I remember thinking as we went outside that it was a little warm, but in the grand scheme of things, here we were in Silicon Valley where it’s almost always a beautiful day for a bike ride. So what did I really have to complain about?

I bet there are lots of employees with stories like this. The “blood in the water” stories seem more like legends (or, more likely, the stuff of high-level meetings among people whose job descriptions include going at it tooth-and-nail with the CEO, meeting a line worker like me would never hear about). Maybe he was different his first go-round at Apple, but if so, he’d grown a lot by the time he returned.

Oh, and no one I’ve told this story to has seemed disappointed by it. So maybe they didn’t really want the blood after all.

6 thoughts on “My One Little Steve Jobs Anecdote”

  1. When I lived right down the street from Apple, I managed to arrive at very nearly the same time as Steve every day for about a year or so, so we went into the elevator together surprisingly often (at least once or twice a week for several months).

    Couple of quick “Steve in the elevator” anecdotes:

    1. I did get asked “so what do you do here at Apple”, but it didn’t seem very confrontational, and after I told him I was working on QA for Rhapsody, we talked a little about how the project was going (painfully slowly at that point), and I went on my merry way. Interestingly, though I ran into him a fairly large number of times afterwards, he never asked me what I did again. I always wondered whether he actually remembered what I had answered, or just that he’d already asked me.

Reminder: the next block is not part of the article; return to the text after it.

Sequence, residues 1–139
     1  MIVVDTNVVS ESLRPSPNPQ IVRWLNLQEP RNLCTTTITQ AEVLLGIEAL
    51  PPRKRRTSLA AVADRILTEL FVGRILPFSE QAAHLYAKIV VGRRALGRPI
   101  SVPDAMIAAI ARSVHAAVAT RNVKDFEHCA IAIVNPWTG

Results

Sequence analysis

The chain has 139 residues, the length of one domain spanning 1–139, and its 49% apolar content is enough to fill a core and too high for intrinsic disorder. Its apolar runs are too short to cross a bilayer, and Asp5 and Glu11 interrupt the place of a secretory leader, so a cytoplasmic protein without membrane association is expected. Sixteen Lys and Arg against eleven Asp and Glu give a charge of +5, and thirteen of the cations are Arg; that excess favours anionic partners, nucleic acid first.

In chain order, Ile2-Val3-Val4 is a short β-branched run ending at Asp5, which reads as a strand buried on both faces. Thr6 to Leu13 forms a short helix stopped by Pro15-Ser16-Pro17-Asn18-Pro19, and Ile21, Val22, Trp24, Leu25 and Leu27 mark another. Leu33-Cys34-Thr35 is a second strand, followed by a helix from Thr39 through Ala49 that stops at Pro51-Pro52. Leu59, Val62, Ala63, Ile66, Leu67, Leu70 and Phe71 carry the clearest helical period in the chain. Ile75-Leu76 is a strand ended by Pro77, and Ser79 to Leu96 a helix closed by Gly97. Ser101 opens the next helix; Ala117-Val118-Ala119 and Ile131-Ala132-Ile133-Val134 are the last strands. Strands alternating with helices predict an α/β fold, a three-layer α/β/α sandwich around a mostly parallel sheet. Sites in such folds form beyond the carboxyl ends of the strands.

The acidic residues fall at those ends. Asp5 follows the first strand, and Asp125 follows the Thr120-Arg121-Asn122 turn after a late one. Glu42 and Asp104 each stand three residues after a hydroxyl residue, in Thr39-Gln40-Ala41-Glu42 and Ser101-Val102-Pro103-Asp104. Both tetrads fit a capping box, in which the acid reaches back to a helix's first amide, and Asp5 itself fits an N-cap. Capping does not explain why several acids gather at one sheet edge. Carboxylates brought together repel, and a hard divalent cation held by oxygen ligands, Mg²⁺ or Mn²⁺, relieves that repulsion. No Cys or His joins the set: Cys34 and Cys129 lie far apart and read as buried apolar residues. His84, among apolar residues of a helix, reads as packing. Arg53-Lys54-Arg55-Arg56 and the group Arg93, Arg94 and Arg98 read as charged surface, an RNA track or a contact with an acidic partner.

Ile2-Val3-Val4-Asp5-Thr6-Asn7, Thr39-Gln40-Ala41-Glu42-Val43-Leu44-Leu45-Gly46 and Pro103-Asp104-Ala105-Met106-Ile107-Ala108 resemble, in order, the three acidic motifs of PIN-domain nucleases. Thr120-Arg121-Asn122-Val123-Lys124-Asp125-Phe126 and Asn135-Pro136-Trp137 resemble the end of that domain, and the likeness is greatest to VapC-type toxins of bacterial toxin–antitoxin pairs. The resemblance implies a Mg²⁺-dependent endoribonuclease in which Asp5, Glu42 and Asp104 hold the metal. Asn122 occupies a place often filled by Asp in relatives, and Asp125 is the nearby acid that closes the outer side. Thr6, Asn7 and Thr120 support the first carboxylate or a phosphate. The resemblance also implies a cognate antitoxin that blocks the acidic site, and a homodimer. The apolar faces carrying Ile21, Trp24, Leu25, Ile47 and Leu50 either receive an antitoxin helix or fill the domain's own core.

2. One day, we both got into the elevator, each carrying nothing but a banana. He said something like: “hey, we each brought a banana for lunch”. This Dilbert strip immediately came to mind, which caused me to nearly choke trying to suppress my laughter.

    …and then there was the time I nearly knocked him down in the hallway at NeXT, but that’s not strictly speaking an elevator story.

  2. Back in the NeXT days he would sometimes call the house very early in the morning looking for my room mate. I think Camille usually talked to him though.

    I dont think he yelled at me in one one scary encounter with him. I was just right out of college and a bit freaked out. Shortly after starting at NeXT as a contactor in QA I was sent with another fairly new person with the latest release build to install it on Steve’s computer. Unfortunately neither he or his secretary were there, so of course we went into his office to look at his computer. We were standing there behind his desk with our gold CD arguing about whether we should touch the computer, wait or just leave when the man walked in and wanted to know what we were doing in his office. Pretty sure there was some stammering involved.

  3. I suspect — but of course don’t know for sure — that all of those bloody stories from his first go-around had a lot to do with the fact that he actually had to fight for a lot of his ideas, a fight he lost, really. He then went off and did other things and the company almost killed itself before it more or less got down on bended knee and offered him the crown again.

    This second time around, he’s been the undisputed monarch of the company, requiring a less combative stance.